The Court of Appeals has affirmed recovery where a family member's stationary, disabled car was propelled into him after being struck by a car not belonging to a family member.
Insured Motor Vehicle
The Standard Automobile Policy provides medical payments coverage because of bodily injury to the named insured or any family member while occupying or as a pedestrian when struck by "a motor vehicle designed for use mainly on public roads or a trailer of any type."
"Any other persons" have medical payments coverage while such persons are occupying the covered automobile or any other motor vehicle operated by the named insured or by a family member thereof in the event such vehicle is a private passenger automobile or trailer.
The "Exclusions" portion of the Medical Payments Coverage section of the Standard Automobile Policy should be referred to for specific instances in which the aforementioned vehicles do not qualify for medical payments coverage.
It should be specifically noted that motorcycles are excluded from such coverage in that the Standard Policy excludes any motorized vehicle having fewer than four wheels.
Operation, maintenance, and use
The insuring agreement of the medical payments coverage portion of the Standard Automobile Policy does not contain the term "operation, maintenance and use." The named insured or any family member is, however, covered while occupying or as a pedestrian when struck by a motor vehicle.
"Any other person" is insured while "occupying" the covered automobile or any other motor vehicle operated by the named insured or a family member.
In a Court of Appeals case, in which the policy defined "occupying" to mean "in or upon or entering into or alighting from," the court denied coverage. The plaintiff had presented her car to a service station for tire recapping purposes. While the car was over a grease pit, the plaintiff walked toward the car to open the trunk, put her hand on the car, and fell into the pit. The court held that such individual simply failed to demonstrate that her fall occurred while "in or upon or entering into or alighting from" the vehicle.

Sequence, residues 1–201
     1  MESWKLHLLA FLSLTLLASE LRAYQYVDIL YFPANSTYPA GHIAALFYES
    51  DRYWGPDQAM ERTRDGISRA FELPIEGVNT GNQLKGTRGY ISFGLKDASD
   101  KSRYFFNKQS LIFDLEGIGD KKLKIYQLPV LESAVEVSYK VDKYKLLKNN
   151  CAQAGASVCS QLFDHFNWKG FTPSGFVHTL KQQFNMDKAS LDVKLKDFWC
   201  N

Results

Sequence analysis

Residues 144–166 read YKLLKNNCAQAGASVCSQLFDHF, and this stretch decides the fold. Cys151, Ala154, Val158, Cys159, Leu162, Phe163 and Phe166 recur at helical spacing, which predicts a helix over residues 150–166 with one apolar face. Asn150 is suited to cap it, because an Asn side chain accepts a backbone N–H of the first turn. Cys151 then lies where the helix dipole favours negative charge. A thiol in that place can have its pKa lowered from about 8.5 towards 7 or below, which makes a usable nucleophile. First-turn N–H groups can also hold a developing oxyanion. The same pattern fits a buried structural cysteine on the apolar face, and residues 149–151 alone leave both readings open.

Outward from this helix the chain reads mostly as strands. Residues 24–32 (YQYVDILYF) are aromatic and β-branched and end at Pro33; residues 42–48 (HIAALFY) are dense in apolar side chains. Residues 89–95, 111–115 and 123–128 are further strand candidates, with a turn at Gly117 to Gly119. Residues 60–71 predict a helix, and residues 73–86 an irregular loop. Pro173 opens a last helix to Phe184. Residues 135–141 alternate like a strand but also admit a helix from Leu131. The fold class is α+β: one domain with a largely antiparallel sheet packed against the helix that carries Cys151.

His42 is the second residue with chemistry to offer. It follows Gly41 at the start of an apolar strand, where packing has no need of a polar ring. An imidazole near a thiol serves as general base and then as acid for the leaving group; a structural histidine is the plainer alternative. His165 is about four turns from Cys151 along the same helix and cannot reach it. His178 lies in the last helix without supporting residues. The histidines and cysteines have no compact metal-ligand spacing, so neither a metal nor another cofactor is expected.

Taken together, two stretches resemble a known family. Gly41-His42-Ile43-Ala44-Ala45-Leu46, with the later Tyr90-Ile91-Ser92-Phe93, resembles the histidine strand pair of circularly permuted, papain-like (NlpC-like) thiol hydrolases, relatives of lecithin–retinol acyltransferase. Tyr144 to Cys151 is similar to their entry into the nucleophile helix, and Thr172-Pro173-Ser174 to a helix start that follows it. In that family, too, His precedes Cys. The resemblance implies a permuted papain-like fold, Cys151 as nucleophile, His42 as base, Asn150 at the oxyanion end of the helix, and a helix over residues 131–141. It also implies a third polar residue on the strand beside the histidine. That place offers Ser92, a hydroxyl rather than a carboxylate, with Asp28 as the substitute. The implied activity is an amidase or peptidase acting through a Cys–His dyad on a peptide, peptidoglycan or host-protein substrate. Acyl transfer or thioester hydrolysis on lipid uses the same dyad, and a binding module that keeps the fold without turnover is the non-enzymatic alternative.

Stacking Med Pay Coverage
Policy provisions and case law must be carefully studied to determine whether an individual is allowed to stack medical payments coverage. Factual situations are usually complex, as is demonstrated in Woods v. Nationwide Mutual Insurance Co. Mr. Woods' daughter, Cynthia, was injured driving an automobile belonging to Mr. Spenser. Mr. Spenser's automobile was one of three owned by him and covered by a policy issued to him by the defendant. Mr. Woods was the named insured in a policy issued to him by the defendant, which policy covered two automobiles owned by him. Mr. Woods incurred medical expenses for his daughter. Mr. Woods sued to recover sums allegedly due him under the medical payment provisions of two separate family policies.
Under the Spenser policy, Cynthia was neither the "named insured" nor his relative. She was, however, operating the Spenser car with his permission. Furthermore, said Spenser vehicle was an "owned automobile" within the meaning of the Spenser policy. The insurer agreed in the policy to extend medical payments coverage to non-relatives of the "named insured" for bodily injury "caused by accident, while occupying the owned automobile" with permission of the "named insured." The court held that the coverage extended by this provision is explicitly limited to that purchased for the "owned automobile" occupied at the time of collision. This language cannot be construed to mean that non-relatives receive protection by virtue of the premiums paid for the other vehicles mentioned in the policy which are not occupied by the insured party. The plaintiff, therefore, was not entitled to collect additional payments under the Spenser policy.
However, Cynthia, as a member of the "named insured's family" within the meaning of the Woods' policy, was entitled to medical payments for bodily injury "caused by an accident while occupying or being struck by an automobile." This provision did not tie coverage for her medical payments to a specific vehicle. Since the medical payments coverage purchased for the Woods' two vehicles also extended medical coverage to a family member accidentally injured while occupying a non-owned automobile, it would be impossible to attribute liability for medical payments coverage to either car to the exclusion of the other. Each premium that was paid for medical coverage bought the same protection. Where coverages derived from two separate premiums overlap so completely and where the provisions of the policy are said to "apply separately" to each vehicle insured, the policy holder may reasonably conclude that his double payment of premiums provides double coverage. Otherwise, he would receive no consideration for the second premium.